This brilliant plan can be thwarted by one of the parasitoid wasps or beetle that can oviposit, or lay their own eggs in the cavity of the developing goldenrod gall fly. (Pictured above is a braconid wasp ovipositing eggs straight into the gall on eucalyptus tree in Australia). If parasitism occurs, instead of a fly emerging in the spring, a wasp or beetle will emerge after a winter feast of the goldenrod gall fly larvae.
The plot thickens, however, as all the insects are vulnerable to the nondiscriminatory predation of hungry woodpeckers and chickadees harvesting the tender, plump larvae of the fly, wasp, or beetle. These larvae provide a protein and fat-rich treat in the middle of a resource barren winter. Yet another reason to leave our gardens messy–to invite the phenomenal life cycles of glorious galls.
And, it’s not just about the birds and the galls. Messy gardens provide habitat to a diversity of other insects. Many species of native bumble bees, mason bees, leafcutter bees, etc. use garden spaces to overwinter. Depending on the species, bees will take winter refuge under a pile of bark or dried leaves, or nest in cavities in hollowed out stems and decomposing logs. Some, such as the native cellophane bee pictured above (Colletes inaequalis), will create burrows in the ground to reproduce and ride-out the cold winter months.
Butterflies can also utilize gardens for overwintering. Species such as the mourning cloak (Nymphalis antiopa) (top left), question mark (Polygonia interrogationis) (top right), eastern comma (Polygonia comma) (bottom left), and Milbert’s tortoiseshell (Aglais milberti) (bottom right) will, amazingly, overwinter as adults. These butterflies find thick piles of leaf litter, a chunk of tree bark, or other cavity to nestle into. Other butterflies, such as the swallowtail and sulphur butterflies will remain in their chrysalis’ overwinter suspended under a dried leaf or tucked away on the ground. When you leave your gardens messy, including ignoring the dried leaves on plants, you help to encourage a rich population of native butterflies and moths in the following spring and summer.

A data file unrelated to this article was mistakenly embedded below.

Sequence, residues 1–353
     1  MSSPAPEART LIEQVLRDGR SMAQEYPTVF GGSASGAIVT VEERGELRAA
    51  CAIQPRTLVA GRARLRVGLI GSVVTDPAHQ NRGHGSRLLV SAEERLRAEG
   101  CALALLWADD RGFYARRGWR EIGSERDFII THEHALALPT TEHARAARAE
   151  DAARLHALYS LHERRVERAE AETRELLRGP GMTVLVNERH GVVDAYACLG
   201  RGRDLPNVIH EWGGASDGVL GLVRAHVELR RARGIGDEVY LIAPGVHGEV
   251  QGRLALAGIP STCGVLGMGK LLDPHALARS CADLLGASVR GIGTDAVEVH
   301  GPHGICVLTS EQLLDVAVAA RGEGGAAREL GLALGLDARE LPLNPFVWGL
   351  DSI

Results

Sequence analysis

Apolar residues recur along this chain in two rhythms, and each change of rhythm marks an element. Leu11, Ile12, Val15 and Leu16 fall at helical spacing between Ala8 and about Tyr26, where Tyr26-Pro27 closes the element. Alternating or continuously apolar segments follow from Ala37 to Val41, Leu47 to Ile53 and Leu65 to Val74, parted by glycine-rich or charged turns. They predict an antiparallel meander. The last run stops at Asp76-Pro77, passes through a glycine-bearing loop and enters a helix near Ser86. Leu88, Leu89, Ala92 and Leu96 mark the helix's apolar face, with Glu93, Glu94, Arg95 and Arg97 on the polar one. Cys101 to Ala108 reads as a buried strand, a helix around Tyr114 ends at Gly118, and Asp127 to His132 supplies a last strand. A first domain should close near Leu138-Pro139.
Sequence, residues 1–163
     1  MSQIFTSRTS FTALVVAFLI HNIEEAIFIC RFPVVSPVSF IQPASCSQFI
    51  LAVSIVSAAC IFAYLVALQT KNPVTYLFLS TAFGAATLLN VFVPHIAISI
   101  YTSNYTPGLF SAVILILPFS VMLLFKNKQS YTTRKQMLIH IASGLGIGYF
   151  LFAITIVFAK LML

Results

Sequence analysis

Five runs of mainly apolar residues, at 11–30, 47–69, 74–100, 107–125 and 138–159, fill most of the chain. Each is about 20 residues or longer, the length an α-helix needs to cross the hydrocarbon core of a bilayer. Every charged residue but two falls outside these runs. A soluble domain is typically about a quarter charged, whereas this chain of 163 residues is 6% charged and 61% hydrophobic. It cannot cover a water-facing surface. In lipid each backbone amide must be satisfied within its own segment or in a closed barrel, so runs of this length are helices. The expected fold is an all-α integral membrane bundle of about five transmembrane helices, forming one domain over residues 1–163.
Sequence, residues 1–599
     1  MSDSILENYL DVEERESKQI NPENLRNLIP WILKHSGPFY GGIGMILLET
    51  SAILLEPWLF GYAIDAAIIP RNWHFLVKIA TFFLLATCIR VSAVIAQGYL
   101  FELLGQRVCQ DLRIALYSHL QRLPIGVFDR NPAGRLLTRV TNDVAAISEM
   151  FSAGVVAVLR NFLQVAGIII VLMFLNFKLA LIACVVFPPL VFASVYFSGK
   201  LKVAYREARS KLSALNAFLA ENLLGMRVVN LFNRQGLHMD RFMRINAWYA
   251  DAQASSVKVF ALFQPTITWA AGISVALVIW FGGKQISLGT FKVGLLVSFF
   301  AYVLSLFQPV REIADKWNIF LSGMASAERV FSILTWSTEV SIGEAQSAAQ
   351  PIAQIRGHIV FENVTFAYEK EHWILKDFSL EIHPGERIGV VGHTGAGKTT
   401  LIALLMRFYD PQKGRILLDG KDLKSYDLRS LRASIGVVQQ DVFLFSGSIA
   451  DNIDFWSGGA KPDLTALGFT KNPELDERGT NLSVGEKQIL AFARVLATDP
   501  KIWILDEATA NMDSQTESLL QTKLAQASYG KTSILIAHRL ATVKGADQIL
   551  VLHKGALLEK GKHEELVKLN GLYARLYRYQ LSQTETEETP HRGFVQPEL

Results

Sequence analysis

How To Encourage A Messy Garden
Butterflies like the red-spotted purple (Limenitis arthemis), the viceroy (Limenitis archippus) (pictured), and the meadow fritillary (Boloria bellona) have caterpillars that wrap themselves up in the leaf of their host plant during the winter. These make-shift cocoons are hard to spot in the garden but the caterpillar stays protected and in a state of torpor, or deep sleep, until the warm days of spring arrive. To ensure you do not disrupt them, just leave all the leaves where they dry and fall. We recommend waiting until mid-spring to clean your gardens, or after subsequent 50℉ (10℃) days. This provides the caterpillars time to emerge from their torpor to forage or reproduce.